Excitement and razzmatazz
The VTE can deliver the excitement of a physical trade event in a different way. For example test & try options can be marketed through electronic vouchering or posted out to customers on application. Spot competitions run at various times during the campaign to encourage repeat participation. Post event incentives can be delivered electronically to ensure repeat purchasing.
Post VTE analysis
The VTE offers a feedback loop through analytical metrics within hours of the close of the campaign. The metrics can be segmented in many different ways to provide an objective 360˚ appraisal of the VTE. Suppliers are always keen to understand the return on their investment and this offers a great way to gain confidence and buy-in for future events. In addition, the wholesaler has the option to include an electronic survey to secure feedback from the customers thus enabling adjustments for next time.
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The VTE is flexible in its promotional and marketing possibilities enabling the wholesaler to build and sell a monetised rate card to the suppliers. For example, this can be a straightforward charge for a number of advertising spots during the campaign. Or it could be multi-layered based on the content type of the advertising be it pack shots, videos or AI contextual product placing. Activity such as vouchering or competitions could be priced separately. The gearing across the range of options is high and the potential to drive revenue is great.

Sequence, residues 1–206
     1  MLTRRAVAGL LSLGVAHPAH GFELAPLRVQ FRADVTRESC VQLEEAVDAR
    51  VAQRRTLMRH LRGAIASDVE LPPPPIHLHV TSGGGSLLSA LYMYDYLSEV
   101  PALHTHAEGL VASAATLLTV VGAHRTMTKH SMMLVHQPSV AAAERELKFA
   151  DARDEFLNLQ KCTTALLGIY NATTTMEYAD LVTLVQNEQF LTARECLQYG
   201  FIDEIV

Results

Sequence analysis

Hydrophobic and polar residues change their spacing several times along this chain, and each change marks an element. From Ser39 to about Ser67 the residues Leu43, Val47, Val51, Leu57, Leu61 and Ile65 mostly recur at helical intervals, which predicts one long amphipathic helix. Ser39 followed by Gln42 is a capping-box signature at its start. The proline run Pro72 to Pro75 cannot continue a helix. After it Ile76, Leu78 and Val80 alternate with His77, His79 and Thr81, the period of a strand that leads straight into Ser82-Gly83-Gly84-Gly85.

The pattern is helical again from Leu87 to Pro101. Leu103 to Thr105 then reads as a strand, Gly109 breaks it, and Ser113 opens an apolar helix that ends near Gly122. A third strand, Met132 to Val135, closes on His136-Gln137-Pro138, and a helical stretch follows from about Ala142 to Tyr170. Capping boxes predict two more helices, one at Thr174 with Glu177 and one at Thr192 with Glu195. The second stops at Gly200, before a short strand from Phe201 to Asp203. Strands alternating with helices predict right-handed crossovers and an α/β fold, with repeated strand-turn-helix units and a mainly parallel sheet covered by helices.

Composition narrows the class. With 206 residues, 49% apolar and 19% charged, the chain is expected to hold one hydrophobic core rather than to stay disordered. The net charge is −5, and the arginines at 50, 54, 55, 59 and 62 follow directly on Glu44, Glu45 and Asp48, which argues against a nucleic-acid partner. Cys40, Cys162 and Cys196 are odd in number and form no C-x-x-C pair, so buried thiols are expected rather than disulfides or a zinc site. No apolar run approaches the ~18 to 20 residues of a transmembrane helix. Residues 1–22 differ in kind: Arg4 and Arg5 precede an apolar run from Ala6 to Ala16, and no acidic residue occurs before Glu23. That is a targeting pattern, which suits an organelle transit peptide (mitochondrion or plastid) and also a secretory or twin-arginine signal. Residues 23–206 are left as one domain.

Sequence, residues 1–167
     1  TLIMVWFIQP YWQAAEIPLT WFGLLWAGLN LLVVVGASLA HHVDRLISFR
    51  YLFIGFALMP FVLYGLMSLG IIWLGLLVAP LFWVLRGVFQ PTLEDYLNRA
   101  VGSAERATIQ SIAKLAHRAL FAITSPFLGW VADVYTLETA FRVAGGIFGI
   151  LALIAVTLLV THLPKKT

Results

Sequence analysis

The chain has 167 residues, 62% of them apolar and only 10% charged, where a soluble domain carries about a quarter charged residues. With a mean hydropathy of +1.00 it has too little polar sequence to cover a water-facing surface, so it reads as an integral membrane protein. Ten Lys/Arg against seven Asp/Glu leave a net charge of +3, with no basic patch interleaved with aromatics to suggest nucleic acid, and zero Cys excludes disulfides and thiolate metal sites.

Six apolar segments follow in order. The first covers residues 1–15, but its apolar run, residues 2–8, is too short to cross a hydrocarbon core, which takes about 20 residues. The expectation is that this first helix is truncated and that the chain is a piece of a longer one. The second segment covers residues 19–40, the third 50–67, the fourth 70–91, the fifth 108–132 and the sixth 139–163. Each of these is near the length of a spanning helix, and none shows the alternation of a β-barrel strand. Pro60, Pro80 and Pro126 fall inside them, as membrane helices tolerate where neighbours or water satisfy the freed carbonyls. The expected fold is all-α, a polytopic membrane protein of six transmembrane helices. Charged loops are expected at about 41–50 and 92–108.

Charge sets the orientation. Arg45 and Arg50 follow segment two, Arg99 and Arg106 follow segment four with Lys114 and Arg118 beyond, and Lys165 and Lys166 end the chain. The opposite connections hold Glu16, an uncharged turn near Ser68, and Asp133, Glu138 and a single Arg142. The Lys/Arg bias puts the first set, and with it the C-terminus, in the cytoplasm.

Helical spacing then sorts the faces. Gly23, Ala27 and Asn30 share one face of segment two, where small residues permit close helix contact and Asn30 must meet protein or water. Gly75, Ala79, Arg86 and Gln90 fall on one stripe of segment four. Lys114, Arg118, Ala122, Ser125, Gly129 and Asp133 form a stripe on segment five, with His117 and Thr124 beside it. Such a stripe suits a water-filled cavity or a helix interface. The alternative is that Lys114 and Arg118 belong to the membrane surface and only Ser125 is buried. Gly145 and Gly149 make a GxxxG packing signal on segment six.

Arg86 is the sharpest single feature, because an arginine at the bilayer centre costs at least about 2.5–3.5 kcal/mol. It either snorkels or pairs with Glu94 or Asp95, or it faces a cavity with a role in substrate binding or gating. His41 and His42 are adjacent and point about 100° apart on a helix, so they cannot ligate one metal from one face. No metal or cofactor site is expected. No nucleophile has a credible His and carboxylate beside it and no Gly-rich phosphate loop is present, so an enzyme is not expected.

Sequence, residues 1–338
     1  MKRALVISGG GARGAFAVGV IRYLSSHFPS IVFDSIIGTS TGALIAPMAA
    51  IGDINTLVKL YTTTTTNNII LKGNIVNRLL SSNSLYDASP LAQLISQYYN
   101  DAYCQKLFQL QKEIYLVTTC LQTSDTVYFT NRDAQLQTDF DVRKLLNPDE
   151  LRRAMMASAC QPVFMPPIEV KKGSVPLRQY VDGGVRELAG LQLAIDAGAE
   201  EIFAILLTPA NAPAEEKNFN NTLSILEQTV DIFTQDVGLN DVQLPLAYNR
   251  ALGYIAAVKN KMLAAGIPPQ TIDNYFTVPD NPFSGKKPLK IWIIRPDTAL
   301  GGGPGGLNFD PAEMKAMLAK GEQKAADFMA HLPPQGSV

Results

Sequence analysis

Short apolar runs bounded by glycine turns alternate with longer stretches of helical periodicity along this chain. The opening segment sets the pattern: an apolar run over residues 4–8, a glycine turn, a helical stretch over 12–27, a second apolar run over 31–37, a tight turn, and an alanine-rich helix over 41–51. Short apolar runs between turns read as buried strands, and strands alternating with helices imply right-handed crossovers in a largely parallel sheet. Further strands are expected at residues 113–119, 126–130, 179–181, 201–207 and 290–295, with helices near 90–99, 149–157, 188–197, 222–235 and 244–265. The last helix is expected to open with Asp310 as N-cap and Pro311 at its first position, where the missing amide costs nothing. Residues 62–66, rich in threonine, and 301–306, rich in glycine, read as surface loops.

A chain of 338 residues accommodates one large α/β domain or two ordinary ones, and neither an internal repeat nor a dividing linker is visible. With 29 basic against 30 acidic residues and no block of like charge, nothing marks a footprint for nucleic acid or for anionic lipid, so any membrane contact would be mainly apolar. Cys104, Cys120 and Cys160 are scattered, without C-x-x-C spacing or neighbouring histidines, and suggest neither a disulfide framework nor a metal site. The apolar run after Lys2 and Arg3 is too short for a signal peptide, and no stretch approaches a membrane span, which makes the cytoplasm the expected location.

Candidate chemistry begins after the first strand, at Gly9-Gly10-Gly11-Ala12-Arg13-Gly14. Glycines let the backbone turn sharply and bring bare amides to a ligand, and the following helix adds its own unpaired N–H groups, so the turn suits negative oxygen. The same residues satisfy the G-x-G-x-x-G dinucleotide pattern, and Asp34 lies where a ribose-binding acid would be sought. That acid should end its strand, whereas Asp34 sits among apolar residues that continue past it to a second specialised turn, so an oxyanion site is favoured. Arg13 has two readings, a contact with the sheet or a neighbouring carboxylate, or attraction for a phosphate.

The excitement and atmosphere of a trade day is unique and special. However, in these Covid-19 times such an event is not possible. The evidence suggests that a virtual trade event (VTE) can offer wholesalers an excellent option to enjoy the benefits of a trade event with the added value of tight controls, cost savings and revenue generation to make a significant contribution to the bottom line and sustained sales growth.